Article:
The penultimate talk of Curious Season 5 saw us welcome Daniel Siden, Founder and CEO of Lightvert, the London based start-up that’s taking augmented reality to the skies. Their pioneering technology, known as ECHO, uses a narrow strip of reflective material affixed to the side of a building along with a high-speed light scanner to project images which can appear at heights of up to 656 feet. While ECHO’s final product is still in the process of being refined, Lightvert do have a global patent for the technology and are scheduled to have a fully functioning commercial model available from October 2017.
For those who missed the session, we’ve picked out our top 5 takeaways below;
Image Credit: Lightvert
1) Beauty is in the eye of the beholder
ECHO’s imagery is generated using only a single vertical line of light and, as such, the image doesn’t actually exist in reality, but only in the viewer’s eye. It relies on a phenomenon known as the ‘persistence of vision’ (PoV) to print a temporary image onto the viewers’ retina, creating that mirage effect of ‘now you see it, now you don’t’.
2) Short and Sweet
Given its fleeting nature, the medium works best for showcasing iconic content, such as symbols or images. Lightvert are banking on the premise that the spontaneous appearance of their visuals will be so impactful that a viewer will immediately be stopped in their tracks, and compelled to do a double-take to confirm that what they’ve just seen wasn’t just a figment of their imagination.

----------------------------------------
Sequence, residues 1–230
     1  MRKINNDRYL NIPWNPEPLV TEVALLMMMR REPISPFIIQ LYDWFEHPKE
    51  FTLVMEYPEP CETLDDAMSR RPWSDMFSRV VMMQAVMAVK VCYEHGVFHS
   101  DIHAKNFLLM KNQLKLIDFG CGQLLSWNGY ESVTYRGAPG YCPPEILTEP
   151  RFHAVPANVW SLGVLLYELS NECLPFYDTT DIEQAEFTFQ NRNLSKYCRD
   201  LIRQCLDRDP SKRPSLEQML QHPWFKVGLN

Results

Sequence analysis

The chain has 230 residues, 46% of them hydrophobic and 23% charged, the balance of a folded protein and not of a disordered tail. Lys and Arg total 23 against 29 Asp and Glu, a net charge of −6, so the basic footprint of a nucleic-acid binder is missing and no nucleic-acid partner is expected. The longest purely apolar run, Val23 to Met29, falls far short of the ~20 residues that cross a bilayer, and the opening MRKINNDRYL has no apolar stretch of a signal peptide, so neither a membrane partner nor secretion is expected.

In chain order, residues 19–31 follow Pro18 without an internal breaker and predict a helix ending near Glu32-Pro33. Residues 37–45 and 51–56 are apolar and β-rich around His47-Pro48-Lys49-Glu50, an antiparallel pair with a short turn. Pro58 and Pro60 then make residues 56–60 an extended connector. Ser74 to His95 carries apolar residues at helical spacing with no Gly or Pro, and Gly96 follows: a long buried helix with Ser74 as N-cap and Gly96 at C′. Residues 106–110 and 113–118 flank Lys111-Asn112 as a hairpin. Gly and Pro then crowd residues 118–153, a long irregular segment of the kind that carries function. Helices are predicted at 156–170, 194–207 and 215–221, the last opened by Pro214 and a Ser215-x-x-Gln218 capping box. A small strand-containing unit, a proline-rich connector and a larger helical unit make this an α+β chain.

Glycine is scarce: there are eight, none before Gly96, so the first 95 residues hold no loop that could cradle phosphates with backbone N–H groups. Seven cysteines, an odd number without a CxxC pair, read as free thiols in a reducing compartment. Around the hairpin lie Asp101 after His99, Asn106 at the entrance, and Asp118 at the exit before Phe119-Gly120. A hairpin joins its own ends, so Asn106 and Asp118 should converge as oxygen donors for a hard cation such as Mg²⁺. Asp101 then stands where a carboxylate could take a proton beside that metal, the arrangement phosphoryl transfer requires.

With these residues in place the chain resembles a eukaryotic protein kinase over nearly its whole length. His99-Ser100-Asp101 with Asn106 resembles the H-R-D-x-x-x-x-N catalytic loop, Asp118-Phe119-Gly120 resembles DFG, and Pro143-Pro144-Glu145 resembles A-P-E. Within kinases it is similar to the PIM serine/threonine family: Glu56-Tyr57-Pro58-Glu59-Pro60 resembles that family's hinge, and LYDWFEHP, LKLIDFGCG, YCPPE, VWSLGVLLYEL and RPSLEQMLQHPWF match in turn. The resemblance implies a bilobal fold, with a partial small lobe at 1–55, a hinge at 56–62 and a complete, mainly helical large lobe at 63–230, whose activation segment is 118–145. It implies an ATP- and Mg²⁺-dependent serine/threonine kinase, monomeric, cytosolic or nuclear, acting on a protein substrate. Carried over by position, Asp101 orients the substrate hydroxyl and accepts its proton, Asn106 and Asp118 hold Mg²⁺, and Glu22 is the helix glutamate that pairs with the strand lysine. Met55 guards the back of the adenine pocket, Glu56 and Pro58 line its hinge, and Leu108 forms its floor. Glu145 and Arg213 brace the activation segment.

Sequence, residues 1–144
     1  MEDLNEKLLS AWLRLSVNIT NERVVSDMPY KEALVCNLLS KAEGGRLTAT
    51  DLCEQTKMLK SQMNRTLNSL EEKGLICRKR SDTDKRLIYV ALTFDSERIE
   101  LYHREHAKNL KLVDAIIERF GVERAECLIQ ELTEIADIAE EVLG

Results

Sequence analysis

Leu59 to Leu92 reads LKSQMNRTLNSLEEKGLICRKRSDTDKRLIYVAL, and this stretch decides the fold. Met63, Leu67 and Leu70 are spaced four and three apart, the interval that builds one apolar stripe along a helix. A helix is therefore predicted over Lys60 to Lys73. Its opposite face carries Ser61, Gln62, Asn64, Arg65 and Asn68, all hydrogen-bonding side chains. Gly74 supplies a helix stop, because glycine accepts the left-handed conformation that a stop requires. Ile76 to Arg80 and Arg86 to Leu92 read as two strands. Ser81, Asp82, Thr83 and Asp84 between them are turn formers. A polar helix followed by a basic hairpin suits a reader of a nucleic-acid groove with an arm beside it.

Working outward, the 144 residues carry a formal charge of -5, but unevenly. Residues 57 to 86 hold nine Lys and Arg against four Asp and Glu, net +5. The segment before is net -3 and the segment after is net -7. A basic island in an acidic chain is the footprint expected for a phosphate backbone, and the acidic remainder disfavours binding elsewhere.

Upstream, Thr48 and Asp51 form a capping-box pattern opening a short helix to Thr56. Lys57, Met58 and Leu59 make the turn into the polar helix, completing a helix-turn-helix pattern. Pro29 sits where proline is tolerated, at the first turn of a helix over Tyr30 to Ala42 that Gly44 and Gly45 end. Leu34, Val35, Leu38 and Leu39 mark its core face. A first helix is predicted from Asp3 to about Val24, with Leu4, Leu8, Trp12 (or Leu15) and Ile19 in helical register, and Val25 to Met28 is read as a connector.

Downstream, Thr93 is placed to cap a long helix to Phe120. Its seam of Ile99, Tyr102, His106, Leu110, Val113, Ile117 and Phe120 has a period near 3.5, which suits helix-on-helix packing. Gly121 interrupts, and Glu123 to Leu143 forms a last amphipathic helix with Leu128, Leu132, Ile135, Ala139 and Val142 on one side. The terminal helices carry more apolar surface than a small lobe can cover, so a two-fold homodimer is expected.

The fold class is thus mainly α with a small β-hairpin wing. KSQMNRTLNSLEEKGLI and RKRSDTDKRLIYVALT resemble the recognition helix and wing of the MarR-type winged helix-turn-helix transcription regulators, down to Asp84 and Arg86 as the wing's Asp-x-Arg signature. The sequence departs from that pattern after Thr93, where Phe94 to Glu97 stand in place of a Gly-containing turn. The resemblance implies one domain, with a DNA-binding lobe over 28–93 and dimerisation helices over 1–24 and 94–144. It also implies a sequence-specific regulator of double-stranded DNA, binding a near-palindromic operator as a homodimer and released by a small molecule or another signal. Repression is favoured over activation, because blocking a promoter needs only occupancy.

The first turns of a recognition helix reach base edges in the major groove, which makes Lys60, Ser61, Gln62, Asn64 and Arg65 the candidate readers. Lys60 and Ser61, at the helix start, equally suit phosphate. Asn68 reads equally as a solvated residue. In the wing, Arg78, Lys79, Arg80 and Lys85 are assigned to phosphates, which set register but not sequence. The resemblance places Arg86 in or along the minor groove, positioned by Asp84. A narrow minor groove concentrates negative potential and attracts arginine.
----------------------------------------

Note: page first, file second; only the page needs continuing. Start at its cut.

3) The medium is the message
The ‘do you see what I see’ intimacy of the channel has the potential to bring audience engagement to a new level. While tease and intrigue are clearly key components of the medium’s value proposition, the technology’s scale, location, and immediacy make for an exciting alternative to traditional launch strategies.
4) Opportunity knocks
ECHO’s hardware has virtually no physical footprint and could dramatically change the game in terms of capital costs and planning permissions for premium outdoor media. Crowded urban spaces such as New York’s Times Square and London’s Piccadilly Circus can make it difficult to cut through the clutter, this new media has the potential to elevate brands above the traditional messaging dogfight.
5) Scaling with scarcity
The ambition for Lightvert is to eventually have six ECHO installations per city, with one hyper-scale and five standard scale units within urban areas with populations of over three million. This would allow the company to sufficiently grow their business while retaining the novelty and intrigue that characterises their media offering.
Well there you have it, the sky truly is the limit as Lightvert look to provide brands with an exciting new way to rise above the noise of street level advertising. Special thanks to Daniel Siden for coming in and giving us a glimpse of the future evolution of DOOH. If you’ve enjoyed this round-up you’ll be delighted to learn that the grand finale of Curious Season 5 is only just around the corner. Tune in on July 6th when we’ll be hosting a panel of industry heavyweights such as Sky AdSmart and JCDecaux to debate the conundrum of Mass Vs Targeted advertising strategies.
Until then – stay curious!